Wagner mercenary boss reveals recruitment campaign due to Bakhmut | Russo-Ukrainian War

Yevgeny Prigozhin says he has opened recruiting centers in 42 Russian cities to replenish ranks due to losses in Bakhmut.

Mercenary Force boss Yevgeny Prigozhin says his private Wagner Army has opened recruiting centers in 42 Russian cities as it seeks to replenish army ranks after heavy losses in the fighting for the Ukrainian city of Bakhmut.

In an upbeat audio message on Friday, Prigozhin said new fighters were showing up, but gave no indication of how many fighters were involved. He also said the Russian army’s ammunition supplies had improved but remained a concern.

“Despite the colossal resistance of the Ukrainian Armed Forces, we will continue,” he said. “Despite the obstacles thrown at us with every step, we will overcome this together.”

Wagner’s mercenaries were at the forefront of some of the fiercest fighting in the Russian bid to take control of Bakhmut, where the Ukrainian army is still holding out after more than seven months of war – a bloody campaign that Prigozhin calls “the meat grinder”.

In a separate social media post on Friday, Prigozhin said Ukraine was preparing a counteroffensive near Bakhmut, adding, “Of course, we are doing everything we can to prevent this from happening.”

Yevgeny Prigozhin, founder of Russian band Wagner, speaks in Paraskoviivka, Ukraine, in this still image released March 3, 2023 [File: Concord Press Service via Reuters]

Ukraine decided to continue fighting in the ruins of Bakhmut because the battle engaged some of Russia’s best units and exhausted them ahead of Moscow’s planned spring counteroffensive, the Ukrainian president’s aide said on Friday. Volodymyr Zelenskyy, Mykhailo Podolyak.

“Russia has changed tactics,” Podolyak said in an interview published by Italian newspaper La Stampa.

“It converged on Bakhmut with much of its trained military personnel, the remnants of its professional army, as well as private businesses,” he said.

“So we have two objectives: to reduce their capable numbers as much as possible and fix them in a few key tiring battles, to disrupt their offensive and to concentrate our resources elsewhere for the spring counter-offensive. So today Bakhmut is completely efficient, even exceeding its main tasks.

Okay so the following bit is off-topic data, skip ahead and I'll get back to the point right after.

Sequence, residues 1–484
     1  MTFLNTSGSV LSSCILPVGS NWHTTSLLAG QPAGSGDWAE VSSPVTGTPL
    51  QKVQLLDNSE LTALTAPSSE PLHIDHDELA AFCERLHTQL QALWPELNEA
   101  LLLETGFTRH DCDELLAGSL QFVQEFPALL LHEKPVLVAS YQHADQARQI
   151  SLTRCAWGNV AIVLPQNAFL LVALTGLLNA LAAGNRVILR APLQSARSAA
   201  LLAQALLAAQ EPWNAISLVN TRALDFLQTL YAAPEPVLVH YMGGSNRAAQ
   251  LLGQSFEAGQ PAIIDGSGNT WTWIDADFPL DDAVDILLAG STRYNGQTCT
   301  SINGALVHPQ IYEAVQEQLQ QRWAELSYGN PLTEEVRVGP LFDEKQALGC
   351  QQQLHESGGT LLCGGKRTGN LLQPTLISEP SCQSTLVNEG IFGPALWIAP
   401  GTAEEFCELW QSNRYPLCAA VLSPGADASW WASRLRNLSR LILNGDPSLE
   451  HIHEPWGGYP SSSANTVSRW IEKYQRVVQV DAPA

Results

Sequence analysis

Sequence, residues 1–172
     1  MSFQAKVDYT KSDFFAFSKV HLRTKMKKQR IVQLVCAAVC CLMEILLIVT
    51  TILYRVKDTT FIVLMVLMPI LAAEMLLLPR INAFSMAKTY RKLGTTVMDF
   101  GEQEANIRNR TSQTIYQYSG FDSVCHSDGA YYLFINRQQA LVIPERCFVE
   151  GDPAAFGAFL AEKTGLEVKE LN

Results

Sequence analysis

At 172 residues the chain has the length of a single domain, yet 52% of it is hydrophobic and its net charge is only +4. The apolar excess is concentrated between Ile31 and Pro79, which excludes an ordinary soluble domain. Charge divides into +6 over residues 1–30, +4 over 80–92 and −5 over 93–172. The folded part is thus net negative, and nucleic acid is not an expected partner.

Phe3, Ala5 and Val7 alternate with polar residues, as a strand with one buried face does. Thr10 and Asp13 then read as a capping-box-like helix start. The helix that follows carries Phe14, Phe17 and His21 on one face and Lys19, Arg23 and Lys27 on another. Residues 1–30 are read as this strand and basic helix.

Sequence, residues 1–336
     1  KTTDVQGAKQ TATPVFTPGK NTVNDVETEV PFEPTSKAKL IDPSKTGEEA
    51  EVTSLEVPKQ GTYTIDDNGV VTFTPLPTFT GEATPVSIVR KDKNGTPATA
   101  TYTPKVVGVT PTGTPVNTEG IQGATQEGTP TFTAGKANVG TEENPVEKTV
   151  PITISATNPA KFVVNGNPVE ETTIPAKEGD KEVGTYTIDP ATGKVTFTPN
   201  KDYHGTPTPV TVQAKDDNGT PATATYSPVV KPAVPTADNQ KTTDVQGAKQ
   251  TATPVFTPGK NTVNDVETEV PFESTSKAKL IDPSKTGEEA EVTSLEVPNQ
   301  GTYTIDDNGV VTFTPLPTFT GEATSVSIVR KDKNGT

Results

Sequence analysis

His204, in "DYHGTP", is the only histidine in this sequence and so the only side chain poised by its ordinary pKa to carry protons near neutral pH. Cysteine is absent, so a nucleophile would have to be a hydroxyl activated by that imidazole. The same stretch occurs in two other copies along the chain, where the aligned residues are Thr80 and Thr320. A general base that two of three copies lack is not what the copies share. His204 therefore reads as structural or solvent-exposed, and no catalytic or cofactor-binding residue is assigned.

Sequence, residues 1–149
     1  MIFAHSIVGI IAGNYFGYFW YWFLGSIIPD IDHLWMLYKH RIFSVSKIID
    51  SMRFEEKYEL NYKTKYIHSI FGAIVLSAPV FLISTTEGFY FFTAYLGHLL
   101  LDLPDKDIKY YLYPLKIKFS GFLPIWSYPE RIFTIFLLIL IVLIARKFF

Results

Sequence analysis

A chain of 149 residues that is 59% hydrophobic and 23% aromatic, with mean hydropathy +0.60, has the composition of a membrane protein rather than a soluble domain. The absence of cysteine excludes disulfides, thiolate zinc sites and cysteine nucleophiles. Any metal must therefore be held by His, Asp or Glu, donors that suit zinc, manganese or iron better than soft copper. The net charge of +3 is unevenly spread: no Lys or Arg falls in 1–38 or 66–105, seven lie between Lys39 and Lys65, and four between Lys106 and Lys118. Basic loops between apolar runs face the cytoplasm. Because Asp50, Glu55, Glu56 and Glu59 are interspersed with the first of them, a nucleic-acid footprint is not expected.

Ukrainian Deputy Defense Minister Hanna Maliar said on Friday that as Russia continued its offensive, “our soldiers are doing everything possible to prevent the enemy from implementing their plans.”

Prigozhin admitted to having suffered heavy losses at Bakhmut and at one point posted a gruesome photo of rows of Wagner’s corpses. He also fought a public feud with Russian military leaders over his army’s ammunition shortages.

In January, the United States assessed that Wagner had about 50,000 fighters in Ukraine, including 40,000 convicts whom Prigozhin had recruited from Russian prisons with the promise of a free pardon if they survived six months on the front lines. In February, however, he said he was no longer allowed to hire convicts straight out of prison.

Ukrainian officials claimed that nearly 30,000 Wagner fighters deserted or were killed or wounded in Ukraine, a figure that could not be independently verified.

In another audio message on Friday, Prigozhin said he thanked the Russian government for a “heroic” increase in ammunition production. He said his men had been “blown away” by the fact that they had started receiving shipments of ammunition labeled as produced in 2023. He said ammunition was now being produced “in enormous quantities, which cover all needs required”.

Prigozhin then appeared to contradict himself, saying, “I am worried about the shortages of ammunition and shells not only for the private military company Wagner but for all units of the Russian army.”

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